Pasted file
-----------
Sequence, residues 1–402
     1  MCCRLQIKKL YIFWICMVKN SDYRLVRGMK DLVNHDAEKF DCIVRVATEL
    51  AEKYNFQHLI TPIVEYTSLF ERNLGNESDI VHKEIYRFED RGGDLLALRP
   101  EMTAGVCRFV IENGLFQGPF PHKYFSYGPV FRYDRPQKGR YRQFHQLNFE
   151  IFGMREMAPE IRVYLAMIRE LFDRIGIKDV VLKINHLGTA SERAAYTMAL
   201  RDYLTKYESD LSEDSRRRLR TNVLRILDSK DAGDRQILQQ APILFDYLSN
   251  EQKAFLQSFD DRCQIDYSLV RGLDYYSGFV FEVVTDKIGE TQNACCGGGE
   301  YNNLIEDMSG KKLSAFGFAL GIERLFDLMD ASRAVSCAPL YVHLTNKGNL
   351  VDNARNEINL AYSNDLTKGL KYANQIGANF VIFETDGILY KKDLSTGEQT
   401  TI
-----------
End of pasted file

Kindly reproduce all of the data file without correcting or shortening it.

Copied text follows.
Sequence, residues 1–402
     1  MCCRLQIKKL YIFWICMVKN SDYRLVRGMK DLVNHDAEKF DCIVRVATEL
    51  AEKYNFQHLI TPIVEYTSLF ERNLGNESDI VHKEIYRFED RGGDLLALRP
   101  EMTAGVCRFV IENGLFQGPF PHKYFSYGPV FRYDRPQKGR YRQFHQLNFE
   151  IFGMREMAPE IRVYLAMIRE LFDRIGIKDV VLKINHLGTA SERAAYTMAL
   201  RDYLTKYESD LSEDSRRRLR TNVLRILDSK DAGDRQILQQ APILFDYLSN
   251  EQKAFLQSFD DRCQIDYSLV RGLDYYSGFV FEVVTDKIGE TQNACCGGGE
   301  YNNLIEDMSG KKLSAFGFAL GIERLFDLMD ASRAVSCAPL YVHLTNKGNL
   351  VDNARNEINL AYSNDLTKGL KYANQIGANF VIFETDGILY KKDLSTGEQT
   401  TI